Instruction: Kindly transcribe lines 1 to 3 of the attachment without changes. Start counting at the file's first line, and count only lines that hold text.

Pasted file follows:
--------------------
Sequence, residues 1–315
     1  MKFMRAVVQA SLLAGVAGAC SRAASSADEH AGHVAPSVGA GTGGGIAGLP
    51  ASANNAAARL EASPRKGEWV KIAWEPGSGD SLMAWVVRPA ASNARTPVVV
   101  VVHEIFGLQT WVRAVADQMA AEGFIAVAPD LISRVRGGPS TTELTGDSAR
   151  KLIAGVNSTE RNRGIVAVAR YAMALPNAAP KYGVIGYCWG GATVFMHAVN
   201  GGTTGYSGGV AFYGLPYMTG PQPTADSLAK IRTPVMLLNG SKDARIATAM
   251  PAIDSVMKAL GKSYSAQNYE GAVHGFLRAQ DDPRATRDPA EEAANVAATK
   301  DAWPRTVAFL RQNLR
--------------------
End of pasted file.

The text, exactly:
Sequence, residues 1–315
     1  MKFMRAVVQA SLLAGVAGAC SRAASSADEH AGHVAPSVGA GTGGGIAGLP
    51  ASANNAAARL EASPRKGEWV KIAWEPGSGD SLMAWVVRPA ASNARTPVVV